Friday, September 2, 2011

Yesterday I found out that I won a lottery that will cost me money

Theme: Technology!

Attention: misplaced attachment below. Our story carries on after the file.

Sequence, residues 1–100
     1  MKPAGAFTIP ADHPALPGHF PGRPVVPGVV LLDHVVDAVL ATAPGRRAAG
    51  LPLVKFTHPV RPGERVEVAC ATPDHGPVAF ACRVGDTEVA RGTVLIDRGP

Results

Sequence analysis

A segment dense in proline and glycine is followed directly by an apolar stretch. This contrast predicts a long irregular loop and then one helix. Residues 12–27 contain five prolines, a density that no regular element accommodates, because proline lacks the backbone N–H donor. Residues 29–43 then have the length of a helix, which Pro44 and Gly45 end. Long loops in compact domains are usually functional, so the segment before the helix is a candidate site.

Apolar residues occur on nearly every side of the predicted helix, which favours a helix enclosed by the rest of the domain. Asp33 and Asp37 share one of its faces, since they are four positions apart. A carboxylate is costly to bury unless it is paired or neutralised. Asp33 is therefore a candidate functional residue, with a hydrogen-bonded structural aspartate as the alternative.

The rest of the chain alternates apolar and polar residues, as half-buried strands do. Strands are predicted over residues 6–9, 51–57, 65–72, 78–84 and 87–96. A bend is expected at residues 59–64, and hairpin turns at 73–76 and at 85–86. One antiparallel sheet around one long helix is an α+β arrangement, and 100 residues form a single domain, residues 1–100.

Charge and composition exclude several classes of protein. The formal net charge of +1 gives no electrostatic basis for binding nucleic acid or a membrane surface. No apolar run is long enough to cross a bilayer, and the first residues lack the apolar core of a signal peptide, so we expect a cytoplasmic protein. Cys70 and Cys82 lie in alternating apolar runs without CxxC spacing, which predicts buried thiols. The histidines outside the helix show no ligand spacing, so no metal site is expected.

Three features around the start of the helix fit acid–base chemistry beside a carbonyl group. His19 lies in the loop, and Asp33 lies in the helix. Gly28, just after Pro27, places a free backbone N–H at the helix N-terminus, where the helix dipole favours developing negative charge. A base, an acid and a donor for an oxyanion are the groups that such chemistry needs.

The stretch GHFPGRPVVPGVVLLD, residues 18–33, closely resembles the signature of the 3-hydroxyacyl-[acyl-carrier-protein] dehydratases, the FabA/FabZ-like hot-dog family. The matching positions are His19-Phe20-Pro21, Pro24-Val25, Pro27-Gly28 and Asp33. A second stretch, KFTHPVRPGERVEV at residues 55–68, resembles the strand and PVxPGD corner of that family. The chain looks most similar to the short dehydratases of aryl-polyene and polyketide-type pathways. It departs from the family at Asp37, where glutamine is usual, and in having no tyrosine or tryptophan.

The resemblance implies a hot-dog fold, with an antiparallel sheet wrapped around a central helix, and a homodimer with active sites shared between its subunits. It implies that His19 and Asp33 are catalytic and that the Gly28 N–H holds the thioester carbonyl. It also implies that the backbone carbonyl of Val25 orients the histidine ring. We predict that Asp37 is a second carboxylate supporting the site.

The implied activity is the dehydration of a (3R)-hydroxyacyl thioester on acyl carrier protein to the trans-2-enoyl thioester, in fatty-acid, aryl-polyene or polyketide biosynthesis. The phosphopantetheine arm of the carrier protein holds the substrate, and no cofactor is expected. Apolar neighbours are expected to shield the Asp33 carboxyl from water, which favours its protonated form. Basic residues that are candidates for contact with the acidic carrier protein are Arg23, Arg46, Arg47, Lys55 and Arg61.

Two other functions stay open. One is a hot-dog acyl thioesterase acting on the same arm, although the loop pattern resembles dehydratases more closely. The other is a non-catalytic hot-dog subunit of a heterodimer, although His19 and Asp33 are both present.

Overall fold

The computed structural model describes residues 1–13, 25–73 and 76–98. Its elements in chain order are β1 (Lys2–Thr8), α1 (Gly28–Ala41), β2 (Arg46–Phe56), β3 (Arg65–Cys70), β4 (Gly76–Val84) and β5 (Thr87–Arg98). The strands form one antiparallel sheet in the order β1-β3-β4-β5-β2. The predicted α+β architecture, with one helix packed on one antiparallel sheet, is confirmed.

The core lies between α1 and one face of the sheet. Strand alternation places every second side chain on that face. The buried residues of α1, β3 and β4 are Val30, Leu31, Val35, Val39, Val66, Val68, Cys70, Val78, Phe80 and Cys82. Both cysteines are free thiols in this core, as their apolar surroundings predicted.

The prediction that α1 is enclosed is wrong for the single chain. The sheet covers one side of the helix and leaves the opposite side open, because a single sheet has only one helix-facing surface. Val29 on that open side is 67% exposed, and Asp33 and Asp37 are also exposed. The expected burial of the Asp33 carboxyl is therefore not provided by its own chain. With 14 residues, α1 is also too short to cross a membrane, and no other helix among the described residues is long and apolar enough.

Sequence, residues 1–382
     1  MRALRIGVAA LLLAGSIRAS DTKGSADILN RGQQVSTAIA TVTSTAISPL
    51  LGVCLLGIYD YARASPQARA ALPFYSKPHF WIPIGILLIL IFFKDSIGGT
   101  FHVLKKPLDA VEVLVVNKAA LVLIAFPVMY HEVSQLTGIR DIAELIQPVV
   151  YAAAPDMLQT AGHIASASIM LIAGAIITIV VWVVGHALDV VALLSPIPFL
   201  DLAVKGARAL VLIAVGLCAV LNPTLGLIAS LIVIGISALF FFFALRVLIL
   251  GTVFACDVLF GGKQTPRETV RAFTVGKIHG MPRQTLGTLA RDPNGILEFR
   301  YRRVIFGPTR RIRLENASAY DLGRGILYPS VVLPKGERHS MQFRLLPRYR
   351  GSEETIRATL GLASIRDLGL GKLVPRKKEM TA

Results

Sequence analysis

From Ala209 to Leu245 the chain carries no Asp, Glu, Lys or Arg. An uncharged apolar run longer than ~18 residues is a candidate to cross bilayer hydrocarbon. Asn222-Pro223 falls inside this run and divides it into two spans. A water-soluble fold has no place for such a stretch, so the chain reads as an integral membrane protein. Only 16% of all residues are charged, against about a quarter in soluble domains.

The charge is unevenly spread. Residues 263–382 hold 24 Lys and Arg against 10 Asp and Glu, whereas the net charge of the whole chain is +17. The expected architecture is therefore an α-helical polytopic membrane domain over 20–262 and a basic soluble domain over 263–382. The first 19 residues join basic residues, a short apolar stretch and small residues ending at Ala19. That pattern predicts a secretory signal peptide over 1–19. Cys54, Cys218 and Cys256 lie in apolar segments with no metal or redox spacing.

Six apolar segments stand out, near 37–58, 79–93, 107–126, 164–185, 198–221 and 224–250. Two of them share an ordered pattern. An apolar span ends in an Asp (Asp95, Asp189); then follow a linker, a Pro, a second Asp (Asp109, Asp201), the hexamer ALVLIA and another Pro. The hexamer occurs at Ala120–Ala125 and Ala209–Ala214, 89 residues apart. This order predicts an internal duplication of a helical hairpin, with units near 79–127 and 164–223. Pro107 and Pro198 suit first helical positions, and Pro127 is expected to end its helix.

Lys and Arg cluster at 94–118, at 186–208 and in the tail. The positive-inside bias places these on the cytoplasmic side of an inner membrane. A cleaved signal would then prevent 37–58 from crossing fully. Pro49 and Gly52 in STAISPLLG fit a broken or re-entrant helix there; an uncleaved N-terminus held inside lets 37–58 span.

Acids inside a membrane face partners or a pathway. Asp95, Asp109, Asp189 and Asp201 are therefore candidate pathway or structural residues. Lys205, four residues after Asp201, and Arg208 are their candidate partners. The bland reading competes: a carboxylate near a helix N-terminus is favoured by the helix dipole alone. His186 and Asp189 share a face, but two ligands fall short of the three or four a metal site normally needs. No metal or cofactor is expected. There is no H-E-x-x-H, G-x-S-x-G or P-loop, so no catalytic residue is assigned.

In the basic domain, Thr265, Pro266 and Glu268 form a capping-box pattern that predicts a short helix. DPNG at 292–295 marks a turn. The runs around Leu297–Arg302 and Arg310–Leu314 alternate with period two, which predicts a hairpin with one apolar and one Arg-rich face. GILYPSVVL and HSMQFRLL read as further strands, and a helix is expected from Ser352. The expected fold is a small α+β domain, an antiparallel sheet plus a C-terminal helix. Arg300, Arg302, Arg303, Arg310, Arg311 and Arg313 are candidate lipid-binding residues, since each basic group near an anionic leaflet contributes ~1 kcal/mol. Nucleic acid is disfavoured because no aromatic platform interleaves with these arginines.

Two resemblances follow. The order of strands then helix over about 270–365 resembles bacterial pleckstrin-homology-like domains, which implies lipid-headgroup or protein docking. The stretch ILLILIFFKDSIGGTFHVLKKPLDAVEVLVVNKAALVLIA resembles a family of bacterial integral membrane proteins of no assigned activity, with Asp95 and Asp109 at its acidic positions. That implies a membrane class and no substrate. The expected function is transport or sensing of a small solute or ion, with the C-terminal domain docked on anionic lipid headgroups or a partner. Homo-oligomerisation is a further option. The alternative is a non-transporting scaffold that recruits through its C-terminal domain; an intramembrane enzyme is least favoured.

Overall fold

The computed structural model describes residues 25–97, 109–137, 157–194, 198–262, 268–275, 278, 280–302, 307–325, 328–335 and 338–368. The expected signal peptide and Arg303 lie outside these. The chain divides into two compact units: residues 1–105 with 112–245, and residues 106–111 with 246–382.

NCTM accepted my proposal to speak at the NCTM annual meeting in Philadelphia next April. That's the good news. The down side is that getting there, hotel and registration ($241 for speakers) will set me back some. But the important thing for me is that I won. I’ve been submitting proposals annually since 2004 after Johnny Lott - then president of NCTM - informed me that affiliate groups were no longer going to get automatic invites to present at annual meetings. I did put up an argument about that since I disagreed with the decision to make it a completely level playing field since I thought affiliate groups deserved a perk for all the hard work they do in promoting NCTM interests. One of the NCTM board members at the time told me that even the president of NCTM has to submit a proposal. (Of course, that was a bit disingenuous since they do invite people to give presentations.)  At first glance that may seem to be a good idea, but after many years of observing presenters especially in the days pre-2007 when there were computer workshops I’ve been disappointed with what I’ve seen. I’ve brought up this issue many times with board members, presidents, etc. and they all had roughly the same response:  “That’s just your opinion. From our experience the sessions have been well received.” I can’t argue with that. But since my bias leans heavily in the direction of meeting the needs of 21st century learners through the use of technology, I’m almost always disappointed with what NCTM provides at the annual meetings technology-wise (as you might have guessed if you’ve been reading my blogs on a regular basis.)